Michael Erard

Michael Erard
Photograph by Wyatt McSpadden

The Austin journalist and linguistics expert ponders the nature of speech imperfections and what verbal gaffes reveal, or don’t, in Um…Slips, Stumbles, and Verbal Blunders, and What They Mean.

What qualifies as a “verbal blunder”?

It can be a slip of the tongue or any moment where something we’ve planned to say goes awry. It can also be what is known as speech disfluency: “uh” or “um,” restarted sentences, or silent pauses.

Some people might point out that slips of the tongue and speech disfluencies have separate and distinct causes. Isn’t it confusing to put them into the same category as verbal blunders?

The two are different—slips result from a mental plan gone awry, while disfluencies represent a delay or interruption in planning. However, I grouped them because they share a number of properties: Both present undesired if inevitable instances of failing to get things in order in time, and they both can damage social performances.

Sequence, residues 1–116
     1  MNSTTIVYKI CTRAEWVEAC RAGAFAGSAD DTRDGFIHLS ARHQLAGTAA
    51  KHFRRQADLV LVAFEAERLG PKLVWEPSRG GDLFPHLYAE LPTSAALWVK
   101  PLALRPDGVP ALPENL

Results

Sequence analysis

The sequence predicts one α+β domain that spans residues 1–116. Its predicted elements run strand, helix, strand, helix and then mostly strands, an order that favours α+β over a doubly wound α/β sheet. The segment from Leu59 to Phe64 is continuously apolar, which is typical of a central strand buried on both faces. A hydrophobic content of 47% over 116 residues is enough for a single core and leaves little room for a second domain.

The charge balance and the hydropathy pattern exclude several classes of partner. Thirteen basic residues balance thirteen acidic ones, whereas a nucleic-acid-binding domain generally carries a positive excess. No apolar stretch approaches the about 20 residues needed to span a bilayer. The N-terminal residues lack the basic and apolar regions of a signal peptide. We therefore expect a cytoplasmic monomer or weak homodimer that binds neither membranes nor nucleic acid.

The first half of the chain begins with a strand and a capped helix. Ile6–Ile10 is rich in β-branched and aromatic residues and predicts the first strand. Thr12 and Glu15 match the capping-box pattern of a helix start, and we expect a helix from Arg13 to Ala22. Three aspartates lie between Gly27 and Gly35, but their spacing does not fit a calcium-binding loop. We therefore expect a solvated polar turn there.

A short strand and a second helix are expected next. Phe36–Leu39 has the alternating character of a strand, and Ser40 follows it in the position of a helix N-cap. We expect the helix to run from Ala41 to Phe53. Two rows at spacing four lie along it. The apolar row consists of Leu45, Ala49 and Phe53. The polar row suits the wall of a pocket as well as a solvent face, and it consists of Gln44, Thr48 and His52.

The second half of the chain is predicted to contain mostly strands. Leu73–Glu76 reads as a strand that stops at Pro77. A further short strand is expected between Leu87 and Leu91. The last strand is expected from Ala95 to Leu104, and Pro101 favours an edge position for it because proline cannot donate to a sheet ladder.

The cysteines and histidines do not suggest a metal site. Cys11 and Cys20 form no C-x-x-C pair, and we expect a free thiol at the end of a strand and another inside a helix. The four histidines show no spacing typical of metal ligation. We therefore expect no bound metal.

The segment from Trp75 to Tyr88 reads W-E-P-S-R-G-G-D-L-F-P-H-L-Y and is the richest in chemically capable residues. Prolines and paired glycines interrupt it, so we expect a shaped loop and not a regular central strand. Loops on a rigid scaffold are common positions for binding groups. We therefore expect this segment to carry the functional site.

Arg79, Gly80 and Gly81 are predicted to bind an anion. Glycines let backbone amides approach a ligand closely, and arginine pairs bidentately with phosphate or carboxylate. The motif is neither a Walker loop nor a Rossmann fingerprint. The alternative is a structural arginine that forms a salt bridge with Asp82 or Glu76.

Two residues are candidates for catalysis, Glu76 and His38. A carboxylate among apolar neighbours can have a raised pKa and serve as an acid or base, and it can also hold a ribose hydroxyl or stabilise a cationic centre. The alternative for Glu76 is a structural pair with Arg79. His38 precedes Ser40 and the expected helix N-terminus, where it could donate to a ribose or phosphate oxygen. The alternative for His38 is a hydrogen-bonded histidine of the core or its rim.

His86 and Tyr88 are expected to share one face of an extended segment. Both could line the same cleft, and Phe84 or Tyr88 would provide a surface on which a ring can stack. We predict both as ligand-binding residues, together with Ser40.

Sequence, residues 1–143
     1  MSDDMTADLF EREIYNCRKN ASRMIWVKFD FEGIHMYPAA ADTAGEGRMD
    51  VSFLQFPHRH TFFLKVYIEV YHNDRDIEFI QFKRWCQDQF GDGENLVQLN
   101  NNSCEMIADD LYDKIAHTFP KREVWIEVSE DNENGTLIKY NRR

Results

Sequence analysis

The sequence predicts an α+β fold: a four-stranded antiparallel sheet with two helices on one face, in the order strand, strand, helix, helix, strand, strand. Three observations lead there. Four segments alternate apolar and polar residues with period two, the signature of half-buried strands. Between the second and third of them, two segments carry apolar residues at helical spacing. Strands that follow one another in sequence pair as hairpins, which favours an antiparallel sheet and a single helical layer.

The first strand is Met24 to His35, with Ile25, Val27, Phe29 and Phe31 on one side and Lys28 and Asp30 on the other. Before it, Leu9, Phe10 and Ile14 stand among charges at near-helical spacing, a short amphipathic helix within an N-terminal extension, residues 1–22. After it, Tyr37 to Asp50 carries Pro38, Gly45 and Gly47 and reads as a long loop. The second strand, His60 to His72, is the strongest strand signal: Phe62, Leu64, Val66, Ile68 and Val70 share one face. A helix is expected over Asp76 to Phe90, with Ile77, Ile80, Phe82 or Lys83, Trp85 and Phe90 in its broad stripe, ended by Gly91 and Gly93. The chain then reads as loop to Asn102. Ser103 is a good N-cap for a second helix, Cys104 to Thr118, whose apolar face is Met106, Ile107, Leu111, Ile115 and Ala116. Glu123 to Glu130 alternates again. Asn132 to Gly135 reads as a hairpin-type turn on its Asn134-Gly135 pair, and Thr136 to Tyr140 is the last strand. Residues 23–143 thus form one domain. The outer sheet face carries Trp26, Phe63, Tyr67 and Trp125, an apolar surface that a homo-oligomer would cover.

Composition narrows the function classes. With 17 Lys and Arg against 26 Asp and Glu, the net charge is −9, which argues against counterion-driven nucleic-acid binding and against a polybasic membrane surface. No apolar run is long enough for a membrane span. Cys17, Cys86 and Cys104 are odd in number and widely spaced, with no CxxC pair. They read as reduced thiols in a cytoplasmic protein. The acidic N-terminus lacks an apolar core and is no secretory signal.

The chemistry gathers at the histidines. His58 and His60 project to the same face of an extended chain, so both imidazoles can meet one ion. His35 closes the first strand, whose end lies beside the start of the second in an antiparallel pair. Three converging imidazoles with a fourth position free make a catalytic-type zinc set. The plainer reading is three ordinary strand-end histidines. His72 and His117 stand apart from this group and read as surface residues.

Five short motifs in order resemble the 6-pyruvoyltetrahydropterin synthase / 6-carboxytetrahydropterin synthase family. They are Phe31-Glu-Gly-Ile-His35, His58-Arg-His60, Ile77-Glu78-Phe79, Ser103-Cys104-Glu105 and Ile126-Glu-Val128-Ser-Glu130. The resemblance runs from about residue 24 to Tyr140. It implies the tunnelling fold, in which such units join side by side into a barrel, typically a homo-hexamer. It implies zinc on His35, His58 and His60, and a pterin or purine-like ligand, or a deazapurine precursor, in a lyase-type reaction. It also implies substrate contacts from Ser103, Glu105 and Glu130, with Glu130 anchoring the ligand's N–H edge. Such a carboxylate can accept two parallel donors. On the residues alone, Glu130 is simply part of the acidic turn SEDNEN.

Why study these blunders?

Slips and disfluencies are windows into how the brain perceives sounds, selects words, constructs sentences, and monitors an utterance before a speaker says it.

So when did you first take an interest?

During the 2000 campaign, George W. Bush’s malapropisms and other verbal blunders were called abnormal. The criticisms made for fun reading, but from a scientific perspective, they weren’t accurate.

Where does the Freudian slip fit into the study of verbal blunders?

To Freud, all slips were the result of an unconscious desire trying

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